Nageia nagi

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Nageia nagi
Podocarpus nageia SZ137.png
Scientific classification edit
Kingdom: Plantae
Division: Pinophyta
Class: Pinopsida
Order: Pinales
Family: Podocarpaceae
Genus: Nageia
Species: N. nagi
Binomial name
Nageia nagi
(Thunb.) Kuntze
Synonyms
  • Agathis veitchii (Henkel & Hochst.) Seward & Ford
  • Dammara veitchii Henkel & Hochst.
  • Myrica nagi Thunb.

Nageia nagi, the Asian bayberry, is plant species in the family Podocarpaceae named by Carl Peter Thunberg. Nageia nagi is native to China, Japan, and Taiwan.[2] It was formerly called Myrica nagi.

Description[edit]

Nageia nagi pollen cones
Nageia nagi seed cones

Nageia nagi is a hardy tree species that can withstand a range of weather conditions, but it prefers moist sites that are well drained and with full sunlight to light shade. Being from the Podocarpaceae family, it is a dioecious tree, that is, the male and female parts of the trees are on separate plants.[2] The pollen cones are catkins and the female cones, which mature in one year, are reduced fleshy bracts that contain a single inverted ovule. It requires wind for pollination; it cannot self-pollinate.[3]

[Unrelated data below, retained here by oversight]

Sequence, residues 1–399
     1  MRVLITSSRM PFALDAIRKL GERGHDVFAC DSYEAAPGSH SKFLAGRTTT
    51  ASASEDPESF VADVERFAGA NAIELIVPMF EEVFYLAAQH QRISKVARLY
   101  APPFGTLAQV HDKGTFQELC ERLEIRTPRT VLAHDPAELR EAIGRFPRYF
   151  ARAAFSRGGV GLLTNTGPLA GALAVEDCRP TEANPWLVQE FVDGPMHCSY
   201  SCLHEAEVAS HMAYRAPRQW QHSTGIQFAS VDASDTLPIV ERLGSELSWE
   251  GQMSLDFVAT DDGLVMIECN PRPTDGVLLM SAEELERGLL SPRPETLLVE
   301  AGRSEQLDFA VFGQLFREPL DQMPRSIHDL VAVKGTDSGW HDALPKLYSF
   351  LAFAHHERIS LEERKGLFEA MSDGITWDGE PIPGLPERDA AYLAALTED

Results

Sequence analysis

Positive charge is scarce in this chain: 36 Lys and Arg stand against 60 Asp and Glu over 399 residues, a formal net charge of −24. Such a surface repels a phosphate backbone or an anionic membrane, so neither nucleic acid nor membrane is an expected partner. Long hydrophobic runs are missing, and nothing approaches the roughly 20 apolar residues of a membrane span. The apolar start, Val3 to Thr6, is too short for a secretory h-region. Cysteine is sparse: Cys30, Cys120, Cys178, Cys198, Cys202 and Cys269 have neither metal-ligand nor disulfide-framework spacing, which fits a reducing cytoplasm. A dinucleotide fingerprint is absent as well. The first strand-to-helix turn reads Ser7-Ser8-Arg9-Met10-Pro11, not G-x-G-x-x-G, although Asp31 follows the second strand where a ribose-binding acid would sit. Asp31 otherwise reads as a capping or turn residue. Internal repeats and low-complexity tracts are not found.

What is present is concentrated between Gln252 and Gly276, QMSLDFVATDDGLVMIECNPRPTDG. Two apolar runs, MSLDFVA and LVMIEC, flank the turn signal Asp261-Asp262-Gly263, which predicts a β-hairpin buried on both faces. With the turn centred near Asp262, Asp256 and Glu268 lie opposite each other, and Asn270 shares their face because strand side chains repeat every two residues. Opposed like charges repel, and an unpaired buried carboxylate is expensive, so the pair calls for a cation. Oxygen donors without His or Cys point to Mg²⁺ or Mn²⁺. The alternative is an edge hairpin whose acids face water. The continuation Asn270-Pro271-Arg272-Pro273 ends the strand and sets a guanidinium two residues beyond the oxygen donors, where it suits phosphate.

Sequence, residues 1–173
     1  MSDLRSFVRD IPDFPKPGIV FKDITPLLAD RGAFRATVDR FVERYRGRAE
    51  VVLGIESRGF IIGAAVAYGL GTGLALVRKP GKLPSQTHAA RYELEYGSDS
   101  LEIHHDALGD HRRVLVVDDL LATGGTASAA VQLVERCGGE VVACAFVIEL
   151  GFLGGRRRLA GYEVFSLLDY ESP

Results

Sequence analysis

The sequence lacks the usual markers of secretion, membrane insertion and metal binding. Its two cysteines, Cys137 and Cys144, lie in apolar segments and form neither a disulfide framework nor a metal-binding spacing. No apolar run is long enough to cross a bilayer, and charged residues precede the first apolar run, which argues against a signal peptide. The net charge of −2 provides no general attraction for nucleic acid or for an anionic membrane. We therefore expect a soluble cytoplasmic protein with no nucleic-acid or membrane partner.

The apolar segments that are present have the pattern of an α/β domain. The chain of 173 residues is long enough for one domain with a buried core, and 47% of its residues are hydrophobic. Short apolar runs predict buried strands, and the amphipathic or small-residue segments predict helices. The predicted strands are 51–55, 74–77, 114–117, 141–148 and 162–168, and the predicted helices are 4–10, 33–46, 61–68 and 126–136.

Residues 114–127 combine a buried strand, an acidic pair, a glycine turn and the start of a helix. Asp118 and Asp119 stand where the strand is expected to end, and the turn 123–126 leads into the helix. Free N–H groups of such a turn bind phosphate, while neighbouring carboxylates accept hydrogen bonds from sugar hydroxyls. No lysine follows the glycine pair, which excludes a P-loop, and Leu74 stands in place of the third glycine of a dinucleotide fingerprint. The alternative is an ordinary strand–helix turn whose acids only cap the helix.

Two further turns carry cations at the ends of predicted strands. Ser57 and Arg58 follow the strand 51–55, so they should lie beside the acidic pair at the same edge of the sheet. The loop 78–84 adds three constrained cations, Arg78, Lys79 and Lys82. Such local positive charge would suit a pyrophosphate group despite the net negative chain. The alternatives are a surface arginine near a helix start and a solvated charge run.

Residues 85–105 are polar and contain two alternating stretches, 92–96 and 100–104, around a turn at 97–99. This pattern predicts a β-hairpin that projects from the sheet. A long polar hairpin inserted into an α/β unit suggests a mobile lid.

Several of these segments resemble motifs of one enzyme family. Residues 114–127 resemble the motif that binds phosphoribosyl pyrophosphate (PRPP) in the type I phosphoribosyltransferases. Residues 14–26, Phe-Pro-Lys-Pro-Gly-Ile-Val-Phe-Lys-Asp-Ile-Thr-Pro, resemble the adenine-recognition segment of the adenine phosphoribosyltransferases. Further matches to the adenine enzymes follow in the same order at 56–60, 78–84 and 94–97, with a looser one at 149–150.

The trees range from fifteen to twenty meters in height and are relatively slow growing.[4] The leaves are lanceolate in shape, and are arranged sub opposite on the branches. Leaves range from two to eight inches long and 0.75 to 2.5 inches wide and lack a mid-vein. The new leaves are a light green and as they age they become dark green and glossy. The branches also start out as green but as they age they become reddish brown and peel in small layers.[2]

Nageia nagi can be propagated by cuttings or by seed. It is best to plant the seed in a warm greenhouse and sandy soil. For their permanent position, they should be planted in late spring or early summer after the last frost.[5]

The species is threatened by habitat loss.

Uses[edit]

Houses, bridges, utensils, handiwork and furniture are constructed from the wood. The seeds yield an oil that is edible and valued in industry.[6] Young leaves are sometimes cooked and eaten.[5] Its bark exhibits strong antibacterial effect.[7]

See also[edit]

References[edit]

  1. ^ Nageia nagi
  2. ^ a b c "Nageia nagi - Asian Bayberry". Retrieved 23 March 2012.
  3. ^ "Podocarpaceae". The gymnosperm database. Retrieved 23 March 2012.
  4. ^ "Nageia nagi/Asian Bayberry". OnlinePlantGuide. Retrieved 23 March 2012.
  5. ^ a b "Nageia nagi - (Thunb.)Kuntze". Plants For A Future, 1996-2010. Retrieved 23 March 2012.
  6. ^ "Flora of China". FOC Vol. 4 Page 80. Retrieved 23 March 2012.
  7. ^ Bin Shan, Yi-Zhong Cai, John D. Brooks, Harold Corke (2007). "The in vitro antibacterial activity of dietary spice and medicinal herb extracts". International Journal of Food Microbiology 117 112–119.

External links[edit]